New study reports benefits of tween kindness
Most parents want their children to perform well academically in school; in addition, they want them to be good, be happy, and be popular. They also prefer that their children are not on the giving or receiving end of bullying. A new study focused on promoting kindness among teens and measuring the benefits. Researchers affiliated with the University of British Columbia (Vancouver, Canada) published their findings on December 27 in the journal PLoS ONE.
The researchers noted that to the best of their knowledge, their study is the first longitudinal experimental intervention of prosocial behavior (voluntary behavior intended to benefit another) in preadolescents (tweens; children aged nine through 12 years); in addition, it is the first to link a manipulation of a simple helping behavior to increases in sociometric popularity (as assessed by peer reports). The goal of the study was to explore whether doing good for others (versus engaging in a simple pleasant activity) over a four week period weeks would simultaneously increase happiness and promote positive relationships with peers. The study group comprised more than 400 tweens who attended 19 elementary school classrooms in Vancouver, British Columbia. The children were randomly assigned to two groups. Half the tweens were asked by teachers to keep track of pleasant places they visited, such as playgrounds, baseball diamonds, shopping centers, or a grandparent’s house. The other students were asked to perform acts of kindness. They provided examples to the children, such as sharing their lunch or giving their mom a hug when she felt stressed by her job; however, they left it up to the students to decide what an act of kindness was.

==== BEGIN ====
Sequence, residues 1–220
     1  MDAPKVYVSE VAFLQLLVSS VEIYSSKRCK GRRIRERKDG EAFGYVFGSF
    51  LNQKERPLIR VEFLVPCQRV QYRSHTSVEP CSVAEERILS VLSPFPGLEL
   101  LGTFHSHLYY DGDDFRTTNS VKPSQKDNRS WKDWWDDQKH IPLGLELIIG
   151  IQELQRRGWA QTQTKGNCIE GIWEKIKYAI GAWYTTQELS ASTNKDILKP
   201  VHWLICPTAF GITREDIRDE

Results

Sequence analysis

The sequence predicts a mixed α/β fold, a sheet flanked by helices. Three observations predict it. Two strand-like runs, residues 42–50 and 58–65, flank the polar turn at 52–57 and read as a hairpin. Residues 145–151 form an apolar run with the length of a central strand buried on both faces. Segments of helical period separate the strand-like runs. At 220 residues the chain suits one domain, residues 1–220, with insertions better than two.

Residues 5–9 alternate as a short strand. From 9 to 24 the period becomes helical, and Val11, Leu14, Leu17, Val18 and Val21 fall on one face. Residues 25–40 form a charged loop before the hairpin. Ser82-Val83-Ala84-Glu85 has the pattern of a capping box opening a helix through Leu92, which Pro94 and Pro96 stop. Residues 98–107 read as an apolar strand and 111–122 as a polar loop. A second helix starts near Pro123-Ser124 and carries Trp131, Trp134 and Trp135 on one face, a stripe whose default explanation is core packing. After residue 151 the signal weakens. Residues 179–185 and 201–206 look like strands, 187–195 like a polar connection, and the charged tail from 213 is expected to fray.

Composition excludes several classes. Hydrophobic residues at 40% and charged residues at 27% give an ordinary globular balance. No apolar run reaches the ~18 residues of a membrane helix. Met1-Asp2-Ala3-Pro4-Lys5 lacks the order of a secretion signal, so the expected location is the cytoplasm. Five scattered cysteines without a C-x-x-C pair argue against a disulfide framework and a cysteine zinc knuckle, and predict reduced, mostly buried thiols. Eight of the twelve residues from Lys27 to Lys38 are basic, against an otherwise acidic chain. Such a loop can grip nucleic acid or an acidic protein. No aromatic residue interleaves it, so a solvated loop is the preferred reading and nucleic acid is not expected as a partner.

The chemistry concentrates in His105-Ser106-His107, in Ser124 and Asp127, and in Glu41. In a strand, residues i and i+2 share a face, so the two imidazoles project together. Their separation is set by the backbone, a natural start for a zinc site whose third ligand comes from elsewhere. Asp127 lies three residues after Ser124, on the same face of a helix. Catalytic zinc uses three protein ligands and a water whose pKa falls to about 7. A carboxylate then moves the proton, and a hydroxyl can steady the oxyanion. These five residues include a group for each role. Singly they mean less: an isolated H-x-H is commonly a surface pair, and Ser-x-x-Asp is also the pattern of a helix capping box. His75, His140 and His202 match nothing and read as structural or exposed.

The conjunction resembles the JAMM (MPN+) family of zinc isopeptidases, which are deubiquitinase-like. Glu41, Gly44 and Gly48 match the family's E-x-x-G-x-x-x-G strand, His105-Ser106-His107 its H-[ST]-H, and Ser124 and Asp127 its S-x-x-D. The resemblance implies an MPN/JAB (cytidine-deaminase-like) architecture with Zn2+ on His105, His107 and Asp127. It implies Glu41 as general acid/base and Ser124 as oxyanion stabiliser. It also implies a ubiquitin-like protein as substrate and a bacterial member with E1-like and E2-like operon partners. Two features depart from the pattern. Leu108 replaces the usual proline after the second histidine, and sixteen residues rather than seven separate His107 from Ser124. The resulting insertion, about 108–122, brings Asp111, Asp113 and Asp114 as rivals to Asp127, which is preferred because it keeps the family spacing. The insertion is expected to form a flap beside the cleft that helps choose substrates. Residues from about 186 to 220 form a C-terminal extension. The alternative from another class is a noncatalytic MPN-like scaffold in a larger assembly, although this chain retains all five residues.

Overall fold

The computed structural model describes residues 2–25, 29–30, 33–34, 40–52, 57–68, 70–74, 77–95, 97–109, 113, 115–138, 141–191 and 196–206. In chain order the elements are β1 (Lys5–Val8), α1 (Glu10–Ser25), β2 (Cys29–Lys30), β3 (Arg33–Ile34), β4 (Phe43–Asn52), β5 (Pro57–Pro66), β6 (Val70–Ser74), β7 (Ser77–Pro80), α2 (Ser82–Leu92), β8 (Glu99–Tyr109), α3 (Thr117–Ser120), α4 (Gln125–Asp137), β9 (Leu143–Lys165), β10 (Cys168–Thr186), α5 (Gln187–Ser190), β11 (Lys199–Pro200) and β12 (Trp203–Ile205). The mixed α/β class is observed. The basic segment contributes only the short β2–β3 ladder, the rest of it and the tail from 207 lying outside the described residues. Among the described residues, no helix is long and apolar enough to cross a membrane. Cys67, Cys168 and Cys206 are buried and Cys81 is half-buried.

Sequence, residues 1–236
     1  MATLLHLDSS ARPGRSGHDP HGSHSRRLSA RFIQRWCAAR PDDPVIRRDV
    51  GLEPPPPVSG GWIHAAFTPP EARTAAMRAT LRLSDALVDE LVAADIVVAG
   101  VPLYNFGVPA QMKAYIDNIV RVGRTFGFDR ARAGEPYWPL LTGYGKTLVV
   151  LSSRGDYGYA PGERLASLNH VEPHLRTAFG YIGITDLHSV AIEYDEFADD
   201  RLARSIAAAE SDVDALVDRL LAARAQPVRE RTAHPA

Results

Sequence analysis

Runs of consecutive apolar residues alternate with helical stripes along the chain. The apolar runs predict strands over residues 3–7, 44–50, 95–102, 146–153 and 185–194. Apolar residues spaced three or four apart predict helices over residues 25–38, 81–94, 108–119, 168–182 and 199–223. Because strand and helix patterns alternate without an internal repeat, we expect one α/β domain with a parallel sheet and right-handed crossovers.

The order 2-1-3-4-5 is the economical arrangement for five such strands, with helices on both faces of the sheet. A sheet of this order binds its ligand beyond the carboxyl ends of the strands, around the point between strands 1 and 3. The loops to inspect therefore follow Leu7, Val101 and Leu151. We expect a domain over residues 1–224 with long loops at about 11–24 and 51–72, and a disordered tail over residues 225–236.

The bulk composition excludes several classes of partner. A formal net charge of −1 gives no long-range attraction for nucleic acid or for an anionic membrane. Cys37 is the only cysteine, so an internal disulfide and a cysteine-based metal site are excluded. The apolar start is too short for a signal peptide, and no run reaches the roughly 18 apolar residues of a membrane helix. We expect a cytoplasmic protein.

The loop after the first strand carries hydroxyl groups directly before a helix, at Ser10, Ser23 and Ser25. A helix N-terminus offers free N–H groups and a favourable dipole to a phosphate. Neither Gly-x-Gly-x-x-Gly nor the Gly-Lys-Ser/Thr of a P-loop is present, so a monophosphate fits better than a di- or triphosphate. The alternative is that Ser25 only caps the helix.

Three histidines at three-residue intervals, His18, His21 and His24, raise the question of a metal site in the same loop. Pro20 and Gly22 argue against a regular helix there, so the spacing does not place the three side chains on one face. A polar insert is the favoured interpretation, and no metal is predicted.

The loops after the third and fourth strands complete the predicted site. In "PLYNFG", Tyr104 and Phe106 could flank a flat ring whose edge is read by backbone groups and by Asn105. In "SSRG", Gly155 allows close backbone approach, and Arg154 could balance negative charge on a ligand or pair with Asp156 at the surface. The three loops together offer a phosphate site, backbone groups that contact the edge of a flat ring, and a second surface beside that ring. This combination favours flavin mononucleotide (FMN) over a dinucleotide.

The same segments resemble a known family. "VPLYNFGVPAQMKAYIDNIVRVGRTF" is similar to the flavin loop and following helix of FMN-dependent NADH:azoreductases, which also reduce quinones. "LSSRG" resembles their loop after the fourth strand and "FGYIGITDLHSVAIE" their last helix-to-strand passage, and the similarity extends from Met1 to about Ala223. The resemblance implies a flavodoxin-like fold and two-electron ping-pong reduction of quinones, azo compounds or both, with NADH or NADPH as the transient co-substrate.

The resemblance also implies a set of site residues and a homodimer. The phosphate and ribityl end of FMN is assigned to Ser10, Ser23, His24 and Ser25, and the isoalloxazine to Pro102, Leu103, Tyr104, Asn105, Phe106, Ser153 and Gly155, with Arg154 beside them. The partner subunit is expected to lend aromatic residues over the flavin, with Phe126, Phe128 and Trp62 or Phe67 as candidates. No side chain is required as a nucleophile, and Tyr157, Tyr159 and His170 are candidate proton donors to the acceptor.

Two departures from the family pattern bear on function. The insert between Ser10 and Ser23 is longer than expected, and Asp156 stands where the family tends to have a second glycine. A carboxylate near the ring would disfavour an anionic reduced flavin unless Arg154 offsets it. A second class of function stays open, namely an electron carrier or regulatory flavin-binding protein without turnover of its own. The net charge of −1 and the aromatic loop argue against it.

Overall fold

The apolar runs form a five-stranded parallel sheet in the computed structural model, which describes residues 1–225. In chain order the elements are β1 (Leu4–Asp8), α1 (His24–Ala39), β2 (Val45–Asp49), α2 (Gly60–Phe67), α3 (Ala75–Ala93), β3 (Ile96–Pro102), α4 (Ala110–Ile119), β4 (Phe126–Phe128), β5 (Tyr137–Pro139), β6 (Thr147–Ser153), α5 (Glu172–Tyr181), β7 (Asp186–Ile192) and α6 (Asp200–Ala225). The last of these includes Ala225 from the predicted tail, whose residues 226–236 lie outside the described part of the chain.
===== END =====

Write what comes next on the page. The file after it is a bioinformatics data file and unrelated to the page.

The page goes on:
The researchers predicted that committing kind acts (i.e., carrying groceries) and tracking whereabouts (i.e., visiting their grandparent’s house or the mall) would both be rewarding activities that would increase well-being in tweens. The focus of the whereabouts task was designed to be a mildly pleasant and distracting control activity.
The students were asked to report how happy they were and identify classmates they would like to work with in school activities. After four weeks, both groups reported that they were happier; however, the tweens who had performed acts of kindness reported experiencing greater acceptance from their peers: they were chosen most often by other students as children the other students wanted to work with.
According to the researchers, bullying often increases in grades 4 and 5. They explained that by simply asking the children to briefly and regularly act kindly to those around them, the likelihood increased that the children would interact more positively with others in the classroom; thus, reducing instances of the bullying and teasing.
In conclusion, the authors wrote: “Our study demonstrates that doing good for others benefits the givers, earning them not only improved well-being but also popularity. Considering the importance of happiness and peer acceptance in youth, it is noteworthy that we succeeded in increasing both among preadolescents through a simple prosocial activity. Similar to being happy, being well-liked by classmates has ramifications not only for the individual, but also for the community at large. For example, well-liked preadolescents exhibit more inclusive behaviors and less externalizing behaviors (i.e., less bullying) as teens. Thus, encouraging prosocial activities may have ripple effects beyond increasing the happiness and popularity of the doers. Furthermore, classrooms with an even distribution of popularity (i.e., no favorite children and no marginalized children) show better average mental health than stratified classrooms, suggesting that entire classrooms practicing prosocial behavior may reap benefits, as the liking of all classmates soars. Teachers and interventionists can build on our work by introducing intentional prosocial activities into classrooms and recommending that such activities be performed regularly and purposefully.”
Reference: PLoS ONE